The physician thoughtfully stroked his gray beard. "It depends," he finally said; "if the knife be withdrawn you may live three minutes; if it be allowed to remain you may possibly live an hour or two--not longer."

Arnold never flinched.

"Thank you," he said, smiling faintly through his pain; "my friend here will pay you. I have some things to do. Let the knife remain." He turned his eyes to mine, and, pressing my hand, said, affectionately, "And I thank you, too, old fellow, for not pulling it out."

The physician, moved by a sense of delicacy, left the room, saying, "Ring if there is a change. I will be in the hotel office." He had not gone far when he turned and came back. "Pardon me," said he, "but there is a young surgeon in the hotel who is said to be a very skilful man. My specialty is not surgery, but medicine. May I call him?"

"Yes," said I, eagerly; but Arnold smiled and shook his head. "I fear there will not be time," he said. But I refused to heed him and directed that the surgeon be called immediately. I was writing at Arnold's dictation when the two men entered the room.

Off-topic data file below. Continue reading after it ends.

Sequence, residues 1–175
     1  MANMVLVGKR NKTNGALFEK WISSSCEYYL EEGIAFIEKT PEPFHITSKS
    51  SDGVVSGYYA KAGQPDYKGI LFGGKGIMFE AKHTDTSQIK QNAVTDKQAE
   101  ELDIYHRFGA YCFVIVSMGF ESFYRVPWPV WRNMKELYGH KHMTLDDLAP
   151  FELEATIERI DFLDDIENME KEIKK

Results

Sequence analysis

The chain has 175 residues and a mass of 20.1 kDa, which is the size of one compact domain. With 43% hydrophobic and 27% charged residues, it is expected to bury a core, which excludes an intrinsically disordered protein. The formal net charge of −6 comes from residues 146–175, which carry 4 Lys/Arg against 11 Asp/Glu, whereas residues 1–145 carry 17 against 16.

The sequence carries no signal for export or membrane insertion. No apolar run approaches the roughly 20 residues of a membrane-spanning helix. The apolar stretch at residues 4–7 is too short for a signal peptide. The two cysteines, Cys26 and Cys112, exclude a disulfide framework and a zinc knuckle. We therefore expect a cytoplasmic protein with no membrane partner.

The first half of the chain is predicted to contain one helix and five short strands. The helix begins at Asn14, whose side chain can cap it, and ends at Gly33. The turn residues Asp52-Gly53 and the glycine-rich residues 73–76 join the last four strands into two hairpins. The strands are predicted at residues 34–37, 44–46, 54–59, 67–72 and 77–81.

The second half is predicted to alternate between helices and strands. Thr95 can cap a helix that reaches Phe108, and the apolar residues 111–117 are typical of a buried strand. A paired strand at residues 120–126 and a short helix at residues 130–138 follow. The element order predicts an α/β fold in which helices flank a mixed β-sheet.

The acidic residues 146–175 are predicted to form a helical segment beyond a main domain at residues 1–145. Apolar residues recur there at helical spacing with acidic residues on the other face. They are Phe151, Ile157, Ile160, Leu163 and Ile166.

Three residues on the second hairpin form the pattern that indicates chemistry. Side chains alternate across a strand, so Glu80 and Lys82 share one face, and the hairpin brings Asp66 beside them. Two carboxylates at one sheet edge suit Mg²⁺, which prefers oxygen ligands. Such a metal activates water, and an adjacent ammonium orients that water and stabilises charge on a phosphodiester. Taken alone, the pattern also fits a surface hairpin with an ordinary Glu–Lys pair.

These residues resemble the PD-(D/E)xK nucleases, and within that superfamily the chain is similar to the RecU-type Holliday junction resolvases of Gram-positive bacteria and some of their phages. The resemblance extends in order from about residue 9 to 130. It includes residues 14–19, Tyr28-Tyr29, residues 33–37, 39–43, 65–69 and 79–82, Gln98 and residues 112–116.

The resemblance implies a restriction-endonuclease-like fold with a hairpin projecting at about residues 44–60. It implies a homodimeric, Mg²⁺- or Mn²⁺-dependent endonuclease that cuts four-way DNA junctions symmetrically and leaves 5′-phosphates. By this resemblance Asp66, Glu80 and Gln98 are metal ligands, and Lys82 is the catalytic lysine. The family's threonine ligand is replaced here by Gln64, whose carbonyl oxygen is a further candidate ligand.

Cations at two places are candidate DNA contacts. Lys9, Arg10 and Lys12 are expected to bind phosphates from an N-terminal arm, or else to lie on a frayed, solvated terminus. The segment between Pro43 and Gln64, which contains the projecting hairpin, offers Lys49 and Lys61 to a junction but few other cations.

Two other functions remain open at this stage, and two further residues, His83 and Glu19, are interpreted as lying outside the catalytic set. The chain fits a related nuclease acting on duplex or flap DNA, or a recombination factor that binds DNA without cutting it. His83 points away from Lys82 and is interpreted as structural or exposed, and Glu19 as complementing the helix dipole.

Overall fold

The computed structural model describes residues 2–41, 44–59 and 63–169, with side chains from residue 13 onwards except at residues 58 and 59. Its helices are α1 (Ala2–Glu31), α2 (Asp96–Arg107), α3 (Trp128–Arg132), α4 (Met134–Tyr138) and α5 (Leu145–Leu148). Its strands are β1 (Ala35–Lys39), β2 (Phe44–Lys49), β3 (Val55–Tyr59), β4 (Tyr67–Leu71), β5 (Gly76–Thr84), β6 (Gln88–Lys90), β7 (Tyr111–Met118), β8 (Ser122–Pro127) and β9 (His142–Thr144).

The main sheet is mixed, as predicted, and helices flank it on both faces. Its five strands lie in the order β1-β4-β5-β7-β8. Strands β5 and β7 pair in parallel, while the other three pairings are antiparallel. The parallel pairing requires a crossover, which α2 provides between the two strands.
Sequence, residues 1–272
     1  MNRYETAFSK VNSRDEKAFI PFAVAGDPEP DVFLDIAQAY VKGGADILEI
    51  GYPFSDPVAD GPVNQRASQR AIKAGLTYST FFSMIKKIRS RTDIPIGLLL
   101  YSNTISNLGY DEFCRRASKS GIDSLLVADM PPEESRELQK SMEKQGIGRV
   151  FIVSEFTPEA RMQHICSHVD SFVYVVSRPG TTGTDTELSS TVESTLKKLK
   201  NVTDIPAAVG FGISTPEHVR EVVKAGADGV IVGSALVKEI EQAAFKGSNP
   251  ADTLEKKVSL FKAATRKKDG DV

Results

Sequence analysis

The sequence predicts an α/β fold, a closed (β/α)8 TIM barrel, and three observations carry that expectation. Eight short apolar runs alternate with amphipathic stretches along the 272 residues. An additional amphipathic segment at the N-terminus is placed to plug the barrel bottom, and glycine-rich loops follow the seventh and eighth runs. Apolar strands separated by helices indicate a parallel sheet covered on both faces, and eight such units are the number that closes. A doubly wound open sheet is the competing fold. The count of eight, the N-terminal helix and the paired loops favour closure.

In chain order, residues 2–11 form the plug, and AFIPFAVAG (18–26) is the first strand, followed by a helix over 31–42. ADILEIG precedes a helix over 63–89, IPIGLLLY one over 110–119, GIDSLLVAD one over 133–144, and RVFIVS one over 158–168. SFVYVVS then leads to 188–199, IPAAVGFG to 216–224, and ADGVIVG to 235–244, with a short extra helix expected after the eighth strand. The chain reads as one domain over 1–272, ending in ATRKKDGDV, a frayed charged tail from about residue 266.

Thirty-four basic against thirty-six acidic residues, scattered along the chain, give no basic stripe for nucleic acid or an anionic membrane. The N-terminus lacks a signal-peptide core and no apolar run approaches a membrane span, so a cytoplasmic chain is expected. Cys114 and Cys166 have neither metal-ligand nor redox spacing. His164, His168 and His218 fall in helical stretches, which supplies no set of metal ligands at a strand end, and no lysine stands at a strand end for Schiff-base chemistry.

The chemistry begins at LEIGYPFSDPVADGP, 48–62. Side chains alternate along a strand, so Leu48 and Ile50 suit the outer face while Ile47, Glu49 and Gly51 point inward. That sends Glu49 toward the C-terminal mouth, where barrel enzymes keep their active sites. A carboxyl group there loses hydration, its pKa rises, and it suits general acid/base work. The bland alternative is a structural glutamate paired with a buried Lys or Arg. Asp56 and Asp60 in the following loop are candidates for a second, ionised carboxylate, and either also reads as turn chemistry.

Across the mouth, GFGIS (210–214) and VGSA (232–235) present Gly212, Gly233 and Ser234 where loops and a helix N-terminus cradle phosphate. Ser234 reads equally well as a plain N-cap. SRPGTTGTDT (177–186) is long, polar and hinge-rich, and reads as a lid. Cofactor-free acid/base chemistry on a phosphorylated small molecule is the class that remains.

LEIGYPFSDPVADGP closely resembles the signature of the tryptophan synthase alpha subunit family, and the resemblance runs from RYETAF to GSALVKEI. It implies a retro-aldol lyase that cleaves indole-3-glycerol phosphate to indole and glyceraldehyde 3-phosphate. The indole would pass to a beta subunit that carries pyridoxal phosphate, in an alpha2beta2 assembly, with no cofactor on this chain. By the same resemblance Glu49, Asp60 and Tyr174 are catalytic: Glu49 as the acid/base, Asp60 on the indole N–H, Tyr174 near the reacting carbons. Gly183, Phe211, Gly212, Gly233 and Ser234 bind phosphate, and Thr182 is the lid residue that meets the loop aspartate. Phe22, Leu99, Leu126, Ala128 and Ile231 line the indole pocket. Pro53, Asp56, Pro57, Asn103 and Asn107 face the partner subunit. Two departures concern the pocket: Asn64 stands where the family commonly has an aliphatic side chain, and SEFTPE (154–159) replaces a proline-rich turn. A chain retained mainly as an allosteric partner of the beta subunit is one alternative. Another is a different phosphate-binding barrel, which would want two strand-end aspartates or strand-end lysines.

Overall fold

There was something of nerve and assurance in the young surgeon that struck my attention. His manner, though quiet, was bold and straightforward and his movements sure and quick. This young man had already distinguished himself in the performance of some difficult hospital laparotomies, and he was at that sanguine age when ambition looks through the spectacles of experiment. Dr. Raoul Entrefort was the new-comer's name. He was a Creole, small and dark, and he had travelled and studied in Europe.

"Speak freely," gasped Arnold, after Dr. Entrefort had made an examination.

"What think you, doctor?" asked Entrefort of the older man.

"I think," was the reply, "that the knife-blade has penetrated the ascending aorta, about two inches above the heart. So long as the blade remains in the wound the escape of blood is comparatively small, though certain; were the blade withdrawn the heart would almost instantly empty itself through the aortal wound."